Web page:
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Specializing in colorful, water-conserving gardens

Specializing in colorful, water-conserving gardens

Great Annual Herbs

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Siam Queen basil

Growing annual herbs from seed is among the easiest, most rewarding tasks you can tackle in the garden.

Annual herbs grow fast. In a matter of weeks, you’ll be able to snip your first flavorful leaves.

From seed, you’ll find a greater selection than from transplants, and the seed packets will cost less. Sow a few plants every few weeks, and you’ll have your favorite herbs — fresh — until next winter.

Up close, many annual herbs bear beautiful leaf colors, patterns and textures.

Let some flower, and you’ll attract beneficial insects to your garden as well.

A Need for Speed

Unlike perennial herbs, which are in it for the long haul, annual herbs do their business in a season. Theirs is a simple life. They germinate, send up stems, branches and leaves, then produce buds and flowers. Soon after, they go to seed, collapse and die.

One advantage to this brief dance in the spotlight is that most annual herbs don’t take a lot of space. That’s why they flourish in cute, little pots: they don’t typically produce much root mass.

Another plus is that you don’t have to make a life-time investment in an herb that you might not like. With such fast results, it’s easy to experiment without risking much time, money and effort.

The Best Annual Herbs

Basil

Dark purple Opal basil and grassy chives top this strawberry pot.

If you grow only one annual herb, let it be basil.

The tender herb is the most exquisite complement to home-grown tomatoes.

From seed, you’ll find an array of flavors, including sweet, lemon, anise, cinnamon, Italian, Thai and Greek, each with a different leaf shape and fragrance.

Most varieties grow a foot tall and wide. They perform best with heat, fluffy soil and frequent water.

Seeds have a high germination rate, so sow them a few inches apart, then thin the seedlings to 12 inches apart.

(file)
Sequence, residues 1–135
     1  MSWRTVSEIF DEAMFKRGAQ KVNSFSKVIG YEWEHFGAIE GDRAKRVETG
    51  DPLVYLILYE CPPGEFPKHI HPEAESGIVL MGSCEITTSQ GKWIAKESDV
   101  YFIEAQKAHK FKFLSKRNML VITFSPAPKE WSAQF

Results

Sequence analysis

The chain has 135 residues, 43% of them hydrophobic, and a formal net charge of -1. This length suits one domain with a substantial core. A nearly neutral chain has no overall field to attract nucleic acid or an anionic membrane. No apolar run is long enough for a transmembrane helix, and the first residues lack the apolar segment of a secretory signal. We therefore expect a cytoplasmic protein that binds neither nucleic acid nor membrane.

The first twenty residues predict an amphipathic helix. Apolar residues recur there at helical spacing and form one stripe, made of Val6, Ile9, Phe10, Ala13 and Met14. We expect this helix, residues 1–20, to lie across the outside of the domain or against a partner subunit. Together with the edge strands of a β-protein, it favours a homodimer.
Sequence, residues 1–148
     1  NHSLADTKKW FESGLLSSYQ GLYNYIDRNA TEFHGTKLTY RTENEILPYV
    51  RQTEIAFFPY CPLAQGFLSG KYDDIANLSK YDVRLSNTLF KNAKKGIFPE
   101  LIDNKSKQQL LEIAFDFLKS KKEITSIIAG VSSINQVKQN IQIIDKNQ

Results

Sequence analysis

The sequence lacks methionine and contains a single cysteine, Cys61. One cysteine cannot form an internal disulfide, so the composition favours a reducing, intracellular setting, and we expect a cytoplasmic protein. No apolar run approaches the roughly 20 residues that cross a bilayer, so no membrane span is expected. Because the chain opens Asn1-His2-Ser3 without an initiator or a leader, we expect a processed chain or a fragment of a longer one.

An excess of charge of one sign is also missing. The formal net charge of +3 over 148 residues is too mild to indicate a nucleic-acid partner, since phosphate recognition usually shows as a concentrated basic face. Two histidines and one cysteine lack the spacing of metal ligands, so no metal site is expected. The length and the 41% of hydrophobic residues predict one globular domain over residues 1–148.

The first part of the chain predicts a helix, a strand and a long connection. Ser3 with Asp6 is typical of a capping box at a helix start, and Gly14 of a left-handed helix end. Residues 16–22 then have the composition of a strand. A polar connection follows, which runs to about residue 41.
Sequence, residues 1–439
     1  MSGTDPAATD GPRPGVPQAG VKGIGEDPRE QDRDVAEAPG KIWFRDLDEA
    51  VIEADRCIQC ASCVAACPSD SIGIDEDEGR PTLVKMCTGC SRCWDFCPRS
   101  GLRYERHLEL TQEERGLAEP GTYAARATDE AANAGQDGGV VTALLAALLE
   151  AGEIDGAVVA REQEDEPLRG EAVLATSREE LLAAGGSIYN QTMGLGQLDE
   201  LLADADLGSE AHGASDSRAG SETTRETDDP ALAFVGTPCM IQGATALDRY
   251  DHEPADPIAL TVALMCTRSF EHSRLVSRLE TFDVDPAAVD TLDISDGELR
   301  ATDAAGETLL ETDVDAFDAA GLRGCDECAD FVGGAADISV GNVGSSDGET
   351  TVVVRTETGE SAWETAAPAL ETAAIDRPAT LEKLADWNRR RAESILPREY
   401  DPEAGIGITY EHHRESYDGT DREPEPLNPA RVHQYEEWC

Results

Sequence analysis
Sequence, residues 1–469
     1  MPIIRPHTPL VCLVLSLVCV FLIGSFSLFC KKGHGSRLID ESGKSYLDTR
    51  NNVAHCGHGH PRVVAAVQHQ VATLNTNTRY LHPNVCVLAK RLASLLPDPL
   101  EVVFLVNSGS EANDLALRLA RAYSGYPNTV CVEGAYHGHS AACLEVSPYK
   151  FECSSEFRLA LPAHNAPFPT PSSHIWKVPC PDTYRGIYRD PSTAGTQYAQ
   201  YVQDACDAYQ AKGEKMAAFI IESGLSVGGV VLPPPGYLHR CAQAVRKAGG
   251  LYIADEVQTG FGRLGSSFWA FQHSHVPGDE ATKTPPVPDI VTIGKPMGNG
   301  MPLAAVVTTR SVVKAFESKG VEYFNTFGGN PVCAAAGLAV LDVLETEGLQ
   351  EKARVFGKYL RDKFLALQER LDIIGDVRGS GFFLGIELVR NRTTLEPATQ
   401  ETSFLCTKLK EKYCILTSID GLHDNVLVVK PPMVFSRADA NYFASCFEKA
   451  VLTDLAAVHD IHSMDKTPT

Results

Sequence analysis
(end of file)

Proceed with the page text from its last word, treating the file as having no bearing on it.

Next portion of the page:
Harvest the foliage throughout the growing season.

Or wait until the flower buds begin to form, which is when the leaves will contain their most concentrated oils.

Borage

Borage and bees.

This fuzzy, blue-blooming herb hit the big time when edible flowers became fashionable a decade ago. Both the flowers and leaves taste like mild cucumber.

In the ground, the knee-high plants may run rampant, seeding out exuberantly into poor, dry soil. Instead, contain your borage in a pot, where it will happily bask in full sun or part shade.

Honeybees love the flowers, too.

Chamomile

This soothing, sun lover comes in two flavors.

Annual German chamomile (Matricaria recutita) is an upright herb that bears white, button-sized daisy flowers for brewing a mild tea. (Discard the narrow, white petals and brew the yellow button centers.)

Perennial Roman chamomile (Chamaemelum nobile) forms a low, fragrant mat and fits well between stepping stones. Its pungent flowers may taste bitter, and are better in potpourri.

Cilantro

The fresh, chopped leaves of this dual-purpose herb are a must-grow for salsa, while its coriander seeds are a key component in curry.

Cilantro is best suited for sowing directly in the garden, as it sends down a deep taproot at the same time that it quickly stretches 1 to 3 feet tall. Plants may look weedy, especially if they get blown about by the wind or go dry.

Harvest the newest, freshest leaves, and plan to sow new plants every few weeks through the end of summer. Let a few specimens flower, to attract beneficial insects.

Harvest the coriander when the seeds turn brown.

Dill

Dill

Related to cilantro, dill also sends down a tap root. So sow it where you’d like it to grow.